Earlier this week, the nonpartisan Congressional Budget Office released its analysis of the economic effects of comprehensive immigration reform. The report demonstrates that not only does immigration reform pay for itself, but it also gives a much needed boost to our economy.
According to the CBO, the Border Security, Economic Opportunity, and Immigration Modernization Act (S. 744) will decrease the deficit by $197 billion dollars in the first ten years after its ratification. While the CBO estimates direct spending to increase by $261.8 billion by 2023, tax revenues ¬- boosted by the increased number of immigrant workers due to S. 744 - will grow by nearly $460 billion. In addition, real GDP, productivity, investment and employment all see positive growth as a result of immigration reform. We’d take those numbers any day!
What does this mean for you?
- Earnings: The CBO found that, contrary to anti-immigrationist claims, the significant increase in the number of noncitizens who could lawfully enter the United States permanently or temporarily resulting from this act would actually increase the earnings of all Americans by 0.5 percent in the long run, while leaving unemployment rates of the native-born population untouched.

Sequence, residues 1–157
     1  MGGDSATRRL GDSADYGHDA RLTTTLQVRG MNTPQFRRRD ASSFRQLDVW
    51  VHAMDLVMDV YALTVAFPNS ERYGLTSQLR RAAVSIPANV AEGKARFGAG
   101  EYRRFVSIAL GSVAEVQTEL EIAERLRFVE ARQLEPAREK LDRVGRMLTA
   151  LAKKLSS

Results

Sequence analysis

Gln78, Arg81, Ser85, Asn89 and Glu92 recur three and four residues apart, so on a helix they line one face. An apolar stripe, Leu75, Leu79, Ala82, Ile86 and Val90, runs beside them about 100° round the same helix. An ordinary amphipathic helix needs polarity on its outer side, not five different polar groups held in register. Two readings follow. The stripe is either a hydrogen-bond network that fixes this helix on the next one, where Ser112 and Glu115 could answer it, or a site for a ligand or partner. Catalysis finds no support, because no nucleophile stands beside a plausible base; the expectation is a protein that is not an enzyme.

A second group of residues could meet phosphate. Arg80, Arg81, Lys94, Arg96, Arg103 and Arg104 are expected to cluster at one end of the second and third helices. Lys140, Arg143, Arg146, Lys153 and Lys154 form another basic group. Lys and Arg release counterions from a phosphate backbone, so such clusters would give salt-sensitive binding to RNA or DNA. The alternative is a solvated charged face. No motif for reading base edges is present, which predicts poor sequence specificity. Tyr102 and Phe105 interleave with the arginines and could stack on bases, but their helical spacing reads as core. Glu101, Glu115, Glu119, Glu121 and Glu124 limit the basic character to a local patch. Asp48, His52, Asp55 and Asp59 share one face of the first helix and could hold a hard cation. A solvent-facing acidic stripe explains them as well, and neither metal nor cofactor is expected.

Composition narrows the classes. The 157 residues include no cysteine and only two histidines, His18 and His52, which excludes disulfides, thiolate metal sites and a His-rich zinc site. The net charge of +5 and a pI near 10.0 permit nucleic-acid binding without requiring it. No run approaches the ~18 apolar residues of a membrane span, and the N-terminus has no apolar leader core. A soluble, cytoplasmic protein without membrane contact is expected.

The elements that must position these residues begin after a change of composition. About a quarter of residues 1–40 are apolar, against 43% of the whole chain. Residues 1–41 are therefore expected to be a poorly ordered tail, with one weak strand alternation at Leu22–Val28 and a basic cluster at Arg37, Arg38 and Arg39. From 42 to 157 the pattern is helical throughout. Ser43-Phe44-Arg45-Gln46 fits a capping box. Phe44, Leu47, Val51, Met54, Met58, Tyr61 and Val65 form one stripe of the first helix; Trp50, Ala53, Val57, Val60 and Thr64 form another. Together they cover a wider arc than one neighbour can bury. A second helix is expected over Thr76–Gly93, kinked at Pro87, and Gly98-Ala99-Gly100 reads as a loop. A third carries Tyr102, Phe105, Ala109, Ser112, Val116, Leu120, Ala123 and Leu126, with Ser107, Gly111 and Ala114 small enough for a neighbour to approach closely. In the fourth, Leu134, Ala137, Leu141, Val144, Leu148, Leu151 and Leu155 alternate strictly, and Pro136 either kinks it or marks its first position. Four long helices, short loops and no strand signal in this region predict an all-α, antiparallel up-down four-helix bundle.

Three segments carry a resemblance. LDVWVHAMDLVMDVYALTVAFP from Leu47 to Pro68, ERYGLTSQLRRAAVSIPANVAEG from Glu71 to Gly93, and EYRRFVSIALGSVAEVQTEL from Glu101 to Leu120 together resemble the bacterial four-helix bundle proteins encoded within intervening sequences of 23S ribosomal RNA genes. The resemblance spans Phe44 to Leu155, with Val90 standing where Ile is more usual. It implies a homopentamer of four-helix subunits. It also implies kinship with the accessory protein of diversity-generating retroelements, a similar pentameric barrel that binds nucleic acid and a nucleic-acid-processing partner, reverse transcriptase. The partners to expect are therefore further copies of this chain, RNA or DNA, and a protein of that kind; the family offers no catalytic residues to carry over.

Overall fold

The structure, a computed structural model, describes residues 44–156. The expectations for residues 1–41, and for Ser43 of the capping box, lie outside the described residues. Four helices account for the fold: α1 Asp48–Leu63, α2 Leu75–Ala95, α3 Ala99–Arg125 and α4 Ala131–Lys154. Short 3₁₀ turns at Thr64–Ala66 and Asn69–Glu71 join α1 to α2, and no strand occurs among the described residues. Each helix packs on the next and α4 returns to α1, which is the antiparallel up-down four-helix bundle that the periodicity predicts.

- Jobs: The increased GDP indicates that millions of jobs would be created over the next twenty years.
- Retirement: Social Security programs will receive an additional $900 billion in Social Security taxes – that’s enough to fund on average the retirement benefits of 3.6 million Americans.
Get informed. Read up on Immigration Reform and sign up for ACLU-SC updates on Comprehensive Immigration Reform. Stay tuned and watch closely as Congress picks and pulls at the immigration proposals and BE READY TO VOICE YOUR SUPPORT. Preserving America’s promise of civil rights and civil liberties for all is the primary mission of the ACLU-SC, but we cannot accomplish it on our own. Take part in something bigger than yourself, and hey, those extra bucks you get will just be good karma.
Posted by Adam Welsh, ACLU/SC Policy Advocacy Intern